Thursday, January 20, 2022
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Apple wants to make it easier to use Mail on the iPhone

Apple wants to make it easier to use Mail on an iPhone. The tech giant has filed for a patent (number 20210342535) for “Mail Application Features.”

About the patent filing

In the patent filing, Apple notes that users use email programs to manage email tasks, including drafting new emails, responding to received emails, deleting emails, and flagging important emails. Electronic devices provide mail application features to facilitate these tasks. 

Apple says that, however, some techniques for providing mail application features using electronic devices are generally cumbersome and inefficient. For example, some existing techniques use a complex and time-consuming user interface, which may include multiple key presses or keystrokes.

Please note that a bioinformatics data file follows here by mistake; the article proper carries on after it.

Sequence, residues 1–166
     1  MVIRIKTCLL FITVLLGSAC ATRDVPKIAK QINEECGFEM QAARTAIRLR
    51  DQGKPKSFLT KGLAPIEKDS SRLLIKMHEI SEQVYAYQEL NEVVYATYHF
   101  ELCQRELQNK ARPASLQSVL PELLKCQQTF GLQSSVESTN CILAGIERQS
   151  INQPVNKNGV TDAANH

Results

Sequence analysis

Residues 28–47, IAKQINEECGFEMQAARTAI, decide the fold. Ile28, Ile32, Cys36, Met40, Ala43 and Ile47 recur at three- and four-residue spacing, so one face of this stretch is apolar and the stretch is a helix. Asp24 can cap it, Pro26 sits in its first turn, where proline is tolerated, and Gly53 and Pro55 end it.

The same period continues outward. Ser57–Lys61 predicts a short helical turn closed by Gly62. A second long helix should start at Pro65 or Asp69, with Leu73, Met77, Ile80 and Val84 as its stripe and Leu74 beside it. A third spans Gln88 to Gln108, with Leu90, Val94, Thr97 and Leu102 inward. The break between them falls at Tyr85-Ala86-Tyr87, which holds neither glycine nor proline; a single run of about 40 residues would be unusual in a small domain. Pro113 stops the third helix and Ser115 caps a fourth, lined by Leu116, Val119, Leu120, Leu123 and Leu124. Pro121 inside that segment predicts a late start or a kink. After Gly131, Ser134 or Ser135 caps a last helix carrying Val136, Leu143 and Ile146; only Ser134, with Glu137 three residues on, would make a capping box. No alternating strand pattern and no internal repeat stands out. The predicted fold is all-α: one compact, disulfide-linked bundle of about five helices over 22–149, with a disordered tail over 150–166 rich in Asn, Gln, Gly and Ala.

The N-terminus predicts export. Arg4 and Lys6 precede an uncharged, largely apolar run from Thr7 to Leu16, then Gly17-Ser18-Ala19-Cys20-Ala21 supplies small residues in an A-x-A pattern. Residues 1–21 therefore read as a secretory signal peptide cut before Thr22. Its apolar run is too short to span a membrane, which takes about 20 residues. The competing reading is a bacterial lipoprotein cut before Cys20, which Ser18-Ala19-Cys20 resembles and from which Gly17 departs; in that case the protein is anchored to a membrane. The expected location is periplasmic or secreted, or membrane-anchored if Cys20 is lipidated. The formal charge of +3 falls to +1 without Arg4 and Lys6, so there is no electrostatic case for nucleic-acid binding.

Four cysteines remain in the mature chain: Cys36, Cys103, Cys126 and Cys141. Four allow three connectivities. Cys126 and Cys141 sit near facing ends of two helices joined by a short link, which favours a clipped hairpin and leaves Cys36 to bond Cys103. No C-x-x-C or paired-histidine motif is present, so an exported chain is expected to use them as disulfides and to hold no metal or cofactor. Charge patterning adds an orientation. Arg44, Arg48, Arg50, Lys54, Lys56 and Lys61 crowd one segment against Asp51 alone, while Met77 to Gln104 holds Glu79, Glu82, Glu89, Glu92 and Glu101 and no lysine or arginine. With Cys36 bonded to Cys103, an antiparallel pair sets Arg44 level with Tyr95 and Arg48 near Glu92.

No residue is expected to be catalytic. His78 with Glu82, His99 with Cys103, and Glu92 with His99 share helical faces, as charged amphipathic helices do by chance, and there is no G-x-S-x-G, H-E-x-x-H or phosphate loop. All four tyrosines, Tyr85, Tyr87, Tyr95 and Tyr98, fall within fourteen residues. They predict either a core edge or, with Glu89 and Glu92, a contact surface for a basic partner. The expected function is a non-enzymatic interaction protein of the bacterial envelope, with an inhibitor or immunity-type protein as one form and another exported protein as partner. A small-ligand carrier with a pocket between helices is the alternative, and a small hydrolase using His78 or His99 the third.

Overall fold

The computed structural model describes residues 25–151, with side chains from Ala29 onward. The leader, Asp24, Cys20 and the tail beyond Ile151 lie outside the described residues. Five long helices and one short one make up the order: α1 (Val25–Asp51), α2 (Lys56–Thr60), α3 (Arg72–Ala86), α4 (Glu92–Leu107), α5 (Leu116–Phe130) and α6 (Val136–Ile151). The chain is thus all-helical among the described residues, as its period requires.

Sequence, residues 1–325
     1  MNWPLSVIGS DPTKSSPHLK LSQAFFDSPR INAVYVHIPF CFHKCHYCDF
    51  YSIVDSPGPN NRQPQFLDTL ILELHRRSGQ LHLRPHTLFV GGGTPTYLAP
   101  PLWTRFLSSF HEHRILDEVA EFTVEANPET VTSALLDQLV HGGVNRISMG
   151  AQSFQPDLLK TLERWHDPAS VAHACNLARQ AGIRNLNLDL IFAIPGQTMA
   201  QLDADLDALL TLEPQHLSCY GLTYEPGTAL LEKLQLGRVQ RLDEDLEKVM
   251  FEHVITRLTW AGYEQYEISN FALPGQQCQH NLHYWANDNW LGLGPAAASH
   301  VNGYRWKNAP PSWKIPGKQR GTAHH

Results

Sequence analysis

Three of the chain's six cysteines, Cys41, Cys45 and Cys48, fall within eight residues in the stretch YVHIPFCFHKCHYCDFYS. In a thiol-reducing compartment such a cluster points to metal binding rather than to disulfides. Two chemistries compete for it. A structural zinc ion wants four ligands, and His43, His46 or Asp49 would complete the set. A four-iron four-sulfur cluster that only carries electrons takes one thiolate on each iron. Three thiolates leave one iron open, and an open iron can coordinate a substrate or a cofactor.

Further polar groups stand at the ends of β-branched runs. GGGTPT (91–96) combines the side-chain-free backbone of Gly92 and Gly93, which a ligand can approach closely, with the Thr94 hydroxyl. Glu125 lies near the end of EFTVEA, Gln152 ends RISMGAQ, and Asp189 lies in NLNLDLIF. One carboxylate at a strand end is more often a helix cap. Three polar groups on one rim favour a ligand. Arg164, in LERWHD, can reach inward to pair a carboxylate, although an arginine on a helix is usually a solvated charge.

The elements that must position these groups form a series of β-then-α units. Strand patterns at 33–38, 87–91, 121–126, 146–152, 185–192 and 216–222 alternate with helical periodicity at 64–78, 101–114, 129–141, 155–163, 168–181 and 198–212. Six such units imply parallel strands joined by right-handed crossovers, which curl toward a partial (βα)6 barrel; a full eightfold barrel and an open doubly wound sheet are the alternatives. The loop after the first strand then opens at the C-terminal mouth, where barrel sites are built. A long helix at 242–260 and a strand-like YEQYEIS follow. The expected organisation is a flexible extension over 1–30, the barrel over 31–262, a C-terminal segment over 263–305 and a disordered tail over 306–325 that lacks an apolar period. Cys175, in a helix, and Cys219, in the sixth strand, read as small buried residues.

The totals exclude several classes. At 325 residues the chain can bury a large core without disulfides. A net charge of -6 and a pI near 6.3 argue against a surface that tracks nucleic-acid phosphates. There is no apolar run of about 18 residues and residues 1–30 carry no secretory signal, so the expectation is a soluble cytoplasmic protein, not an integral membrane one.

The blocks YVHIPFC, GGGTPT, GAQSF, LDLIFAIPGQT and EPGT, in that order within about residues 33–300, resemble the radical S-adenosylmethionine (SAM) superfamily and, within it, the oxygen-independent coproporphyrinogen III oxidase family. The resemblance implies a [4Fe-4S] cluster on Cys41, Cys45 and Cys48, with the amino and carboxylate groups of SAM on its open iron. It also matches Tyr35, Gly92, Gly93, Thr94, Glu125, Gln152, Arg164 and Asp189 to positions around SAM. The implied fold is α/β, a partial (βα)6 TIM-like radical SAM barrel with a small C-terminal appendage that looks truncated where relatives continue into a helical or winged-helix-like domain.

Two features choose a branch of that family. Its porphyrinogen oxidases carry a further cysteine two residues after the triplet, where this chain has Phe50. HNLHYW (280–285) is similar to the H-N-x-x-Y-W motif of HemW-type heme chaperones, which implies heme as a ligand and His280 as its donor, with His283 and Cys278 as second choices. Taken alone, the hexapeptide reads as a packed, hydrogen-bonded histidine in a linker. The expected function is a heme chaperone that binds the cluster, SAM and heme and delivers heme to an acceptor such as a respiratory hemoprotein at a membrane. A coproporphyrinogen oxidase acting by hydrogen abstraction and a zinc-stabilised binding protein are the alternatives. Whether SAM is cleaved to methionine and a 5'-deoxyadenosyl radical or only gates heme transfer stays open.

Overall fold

Apple says existing techniques require more time than necessary, wasting user time and device energy. This latter consideration is particularly important in battery-operated devices. 

Apple’s patent filing is designed to provide electronic devices such as the iPhone with faster, more efficient methods and interfaces for providing mail application features. Such methods and interfaces optionally complement or replace other methods for providing mail application features. 

Apple says that such methods and interfaces reduce the cognitive burden on a user and produce a more efficient human-machine interface. For battery-operated computing devices, such methods and interfaces conserve power and increase the time between battery charges. 

Summary of the patent filing

Here’s Apple’s abstract of the patent filing: “The present disclosure generally relates to mail application features. In some embodiments, a contact identifier is selected. In some embodiments, an adaptive toolbar is provided. In some embodiments, document functions are accessed.”

the authorDennis Sellers
Dennis Sellers is the editor/publisher of Apple World Today. He’s been an “Apple journalist” since 1995 (starting with the first big Apple news site, MacCentral). He loves to read, run, play sports, and watch movies.

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